Amazonian rivers are usually suggested as dispersal barriers, limiting biogeographic units. This is evident in a widely accepted Areas of Endemism (AoEs) hypothesis proposed for Amazonian birds. We empirically test this hypothesis based on quantitative analyses of species distribution. We compiled a database of bird species and subspecies distribution records, and used this dataset to identify AoEs through three different methods. Our results show that the currently accepted Amazonian AoEs are not consistent with areas identified, which were generally congruent among datasets and methods. Some Amazonian rivers represent limits of AoEs, but these areas are not congruent with those previously proposed. However, spatial variation in species composition is correlated with largest Amazonian rivers. Overall, the previously proposed Amazonian AoEs are not consistent with the evidence from bird distribution. However, the fact that major rivers coincide with breaks in species composition suggest they can act as dispersal barriers, though not necessarily for all bird taxa. This scenario indicates a more complex picture of the Amazonian bird distribution than previously imagined.

The impressive geographic vastness and biological diversity of the Amazon have stimulated attempts of geographic regionalization for more than two centuries.

The importance of Amazonian rivers as geographic barriers is supported by several lines of evidence, such as genetic differentiation between populations, and distribution patterns of passerine birds. However, these studies are restricted to a few rivers and taxa. Furthermore, rivers do not appear to be a major barrier for all taxa, suggesting that the Amazonian biota is the product of more complex evolutionary processes.

In this study we test whether the limits of the Interfluve AoEs can be recovered through quantitative analysis of bird distribution data, based on three methods of AoEs delimitation and through GIS and statistical methods applied to spatial variation in species and subspecies composition.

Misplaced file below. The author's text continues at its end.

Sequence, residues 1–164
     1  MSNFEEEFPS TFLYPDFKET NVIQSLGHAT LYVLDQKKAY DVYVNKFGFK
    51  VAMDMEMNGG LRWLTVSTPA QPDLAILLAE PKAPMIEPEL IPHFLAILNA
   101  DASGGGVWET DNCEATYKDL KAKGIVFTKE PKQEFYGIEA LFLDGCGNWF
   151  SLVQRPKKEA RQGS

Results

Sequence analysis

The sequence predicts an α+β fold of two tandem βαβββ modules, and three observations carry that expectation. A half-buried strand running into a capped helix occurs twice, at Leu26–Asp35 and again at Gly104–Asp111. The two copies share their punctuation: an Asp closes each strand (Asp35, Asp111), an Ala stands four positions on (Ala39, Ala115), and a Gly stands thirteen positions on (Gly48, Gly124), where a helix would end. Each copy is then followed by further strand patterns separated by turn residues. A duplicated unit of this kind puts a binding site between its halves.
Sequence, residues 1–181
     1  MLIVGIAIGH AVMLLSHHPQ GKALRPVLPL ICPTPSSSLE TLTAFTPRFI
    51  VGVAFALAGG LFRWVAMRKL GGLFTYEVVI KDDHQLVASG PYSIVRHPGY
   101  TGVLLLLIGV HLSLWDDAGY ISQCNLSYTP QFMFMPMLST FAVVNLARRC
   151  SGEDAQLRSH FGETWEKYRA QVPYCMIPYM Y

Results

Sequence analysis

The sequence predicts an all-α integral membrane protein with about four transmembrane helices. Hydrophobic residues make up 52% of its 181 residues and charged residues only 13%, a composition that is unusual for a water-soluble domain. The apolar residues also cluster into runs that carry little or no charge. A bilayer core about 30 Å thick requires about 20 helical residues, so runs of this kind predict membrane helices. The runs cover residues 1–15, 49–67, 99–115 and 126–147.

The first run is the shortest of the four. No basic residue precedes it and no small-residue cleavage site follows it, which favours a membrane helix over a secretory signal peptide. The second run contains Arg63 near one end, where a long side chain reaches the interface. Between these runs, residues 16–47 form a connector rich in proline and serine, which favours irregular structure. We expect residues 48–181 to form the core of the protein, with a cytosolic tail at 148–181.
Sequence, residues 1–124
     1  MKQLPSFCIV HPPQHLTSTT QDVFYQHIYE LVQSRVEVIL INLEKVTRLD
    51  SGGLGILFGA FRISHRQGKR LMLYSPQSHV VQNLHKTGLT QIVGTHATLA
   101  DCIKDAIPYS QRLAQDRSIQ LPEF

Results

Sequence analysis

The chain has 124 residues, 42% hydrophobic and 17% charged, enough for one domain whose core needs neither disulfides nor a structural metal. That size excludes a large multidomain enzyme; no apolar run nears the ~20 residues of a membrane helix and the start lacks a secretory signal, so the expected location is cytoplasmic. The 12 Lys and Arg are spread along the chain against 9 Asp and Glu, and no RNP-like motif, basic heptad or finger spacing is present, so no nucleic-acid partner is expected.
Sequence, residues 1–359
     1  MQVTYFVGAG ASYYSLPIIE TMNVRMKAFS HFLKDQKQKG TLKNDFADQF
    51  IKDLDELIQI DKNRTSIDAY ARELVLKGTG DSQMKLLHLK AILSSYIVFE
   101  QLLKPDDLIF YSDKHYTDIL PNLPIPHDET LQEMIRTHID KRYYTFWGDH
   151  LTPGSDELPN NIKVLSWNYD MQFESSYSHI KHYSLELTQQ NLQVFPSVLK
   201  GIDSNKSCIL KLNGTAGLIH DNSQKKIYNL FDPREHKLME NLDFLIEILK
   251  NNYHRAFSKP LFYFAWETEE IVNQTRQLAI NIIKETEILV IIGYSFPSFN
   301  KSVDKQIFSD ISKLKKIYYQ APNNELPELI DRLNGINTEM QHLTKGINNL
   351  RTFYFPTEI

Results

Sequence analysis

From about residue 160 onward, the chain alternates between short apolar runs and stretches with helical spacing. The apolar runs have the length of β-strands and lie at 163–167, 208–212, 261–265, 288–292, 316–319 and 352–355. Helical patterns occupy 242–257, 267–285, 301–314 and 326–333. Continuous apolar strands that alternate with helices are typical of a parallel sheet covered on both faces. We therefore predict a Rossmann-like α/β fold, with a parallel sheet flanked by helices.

Identification of areas of endemism

Our tests of the interfluve hypothesis were based on two datasets, one composed by distribution records of 612 Amazonian bird subspecies and another in which subspecies were merged within species, comprising records of 566 species. We built these two databases because the interfluve hypothesis was originally based on bird subspecies data. However, since bird subspecies delimitation can be controversial and are often based on geographic barriers, we decided to also analyse data classified only at species level. We delimited AoEs through three approaches that use different logical basis to identify co-occurrence patterns of species, in a way to perform a rigorous test of the interfluve AoEs hypothesis. The Geographical Interpolation of Endemism (GIE) interpolates species distribution through a kernel density function to estimate the degree of overlap in the species ranges in a spatially explicit way. The EnDemisM analysis (NDM) is based on spatial optimization of shared species between grid cells based on an endemism index, resulting in an estimate of species distribution overlap. Finally, the Parsimony Analysis of Endemicity (PAE), identifies AoEs based on a cladistic analysis of grid cells, with species as characters, to identify clusters of grid cells that are interpreted as AoEs.

Read the complete report here

Study reveals new insights into the dining habits of toucans

Study reveals new insights into the dining habits of toucans

(Brian Mcneill; 10 March 2017)

While Toucans’ diets consist primarily of fruit, new research co-authored by a Virginia Commonwealth University biology major suggests the bird species’ dining habits are actually more opportunistic than previously believed and include the eggs of ground-nesting birds.